A toxic legacy

For more than 50 years, the Giant Mine contaminated the air, land and water around Yellowknife with arsenic. Environmental toxicologists Jules Blais and Laurie Chan are monitoring the after-effects in nearby lakes and rivers.

Laurie Chan et Jules BlaisLaurie Chan and Jules Blais

“There is a halo of arsenic that we can detect in lakes up to 15 kilometres away from the Giant Mine. Our preliminary analysis is showing that arsenic concentrations in the lakes are exceeding levels that are required to protect aquatic life.”

– Jules Blais

From 1948 to 2004, seven million ounces of gold were extracted from the Giant Mine on the edge of Great Slave Lake in the Northwest Territories. But these vast riches had a deadly by-product: 237,000 tonnes of arsenic trioxide.

Eleven years ago, the governments of Canada and of the Northwest Territories signed an agreement to clean up the site. The Giant Mine Remediation Project, which aims to make surrounding land and water safe and to restore the landscape, is expected to cost nearly $1 billion. The site, located only six kilometres from Yellowknife, where half of the population of the Northwest Territories lives, includes 100 highly contaminated buildings, open pits, tailings ponds and contaminated soil.

The Giant Mine seen from the skyThe Giant Mine

University of Ottawa biology professor Laurie Chan, who holds a Canada Research Chair in Toxicology and Environmental Health, is a member of the Independent Peer Review Panel (IPRP) established by Aboriginal Affairs and Northern Development Canada (now Indigenous and Northern Affairs Canada) to provide technical advice to the government on choosing the best out of 56 options for the Giant Mine clean-up. In August 2014, all stakeholders agreed to the IPRP’s recommendation to use the Frozen Block Method to freeze the arsenic trioxide that is currently buried in underground containers. The process will keep the man-made toxins from seeping into the surrounding environment.

“It would be too difficult and risky to remove all the waste buried at the site. It would be like mining for arsenic,” says Chan, who continues to advise the remediation project on occupational and environmental health measures. “There’s ongoing concern among Yellowknife residents over arsenic exposure.”

Contaminant levels in the mine’s vicinity are being monitored, including arsenic levels in Arctic grayling in nearby creeks and water bodies, some of which are popular fishing spots. Chan is also designing a human health study to assess, in the coming years, the potential risk of exposure to arsenic among Yellowknife residents and in neighbouring First Nations communities.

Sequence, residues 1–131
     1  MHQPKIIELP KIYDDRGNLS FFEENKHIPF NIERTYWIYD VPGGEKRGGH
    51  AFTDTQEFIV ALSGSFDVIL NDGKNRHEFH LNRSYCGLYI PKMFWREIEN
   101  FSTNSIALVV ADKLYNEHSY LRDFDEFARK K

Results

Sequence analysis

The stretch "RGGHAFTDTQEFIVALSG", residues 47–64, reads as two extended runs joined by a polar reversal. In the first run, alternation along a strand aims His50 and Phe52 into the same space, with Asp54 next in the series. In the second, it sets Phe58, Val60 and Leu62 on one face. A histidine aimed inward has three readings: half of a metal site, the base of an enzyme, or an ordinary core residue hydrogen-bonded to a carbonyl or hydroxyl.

In a similar vein, Chan’s colleague, professor of biology and environmental toxicology Jules Blais, the director of the Laboratory for the Analysis of Natural and Synthetic Environmental Toxicants, is examining arsenic levels in areas around the Giant Mine site. In 2014, he received a Natural Sciences and Engineering Research Council of Canada strategic project grant of $570,000 over three years to develop new tools for assessing legacy pollutants and their ecological consequences in lakes near N.W.T. mines.

“There is a halo of arsenic that we can detect in lakes up to 15 kilometres away from the Giant Mine,” says Blais. “We are looking exclusively beyond the mine property. Our preliminary analysis is showing that arsenic concentrations in the lakes are exceeding levels that are required to protect aquatic life.”

“We’re trying to understand why these aquatic systems haven’t recovered,” he adds.

Blais examines core samples of lake sediments to trace the environmental record back through hundreds of years. Clues in the layers, such as the shells of cladocera — tiny crustaceans that form a major part of the aquatic food chain — reveal the history of the lake over time, much like tree rings indicate warm and cold years.

Blais is trying to determine whether lake sediments are absorbing the arsenic and taking it out of the waters, or diffusing it. Early results show that arsenic levels in the sediment increased during the decades in which the Giant Mine roaster was melting ore to separate out the gold, particularly before emissions controls were put into place, and that cladocera died off in huge numbers during this period.

“Environmental studies are often like arriving at the scene of an accident. You realize there is a problem after the problem has happened. Our approach allows us to go back and reconstruct what changes took place and look at how the biota responded to past disturbances,” says Blais. “Our research aims to find better ways to learn from our past mistakes.”

Once published, this research will present a well-documented history of the levels of contaminants such as arsenic, mercury and sulphur dioxide, which will answer questions about what has happened since the mine ceased operations and how the contaminants have moved through the ecosystem. Ultimately, Blais hopes the research will inform future regulators.

“If regulators can better understand the effects of releasing these emissions, like sulphur and arsenic, into the environment, if they are provided with tools to better understand the environmental consequences, then they will be in a better position to regulate these emissions,” says Blais.

In the meantime, Chan secured a $1.65 million NSERC CREATE grant in 2014 to help train the next generation of environmental toxicologists at the University of Ottawa and three other Canadian universities. Among other things, students are taught how science contributes to regulating dangerous chemicals in the environment. It’s an important step in averting future environmental catastrophes of Giant Mine proportions.

This article was first published in Tabaret, March 2015.

 

by Mike Foster

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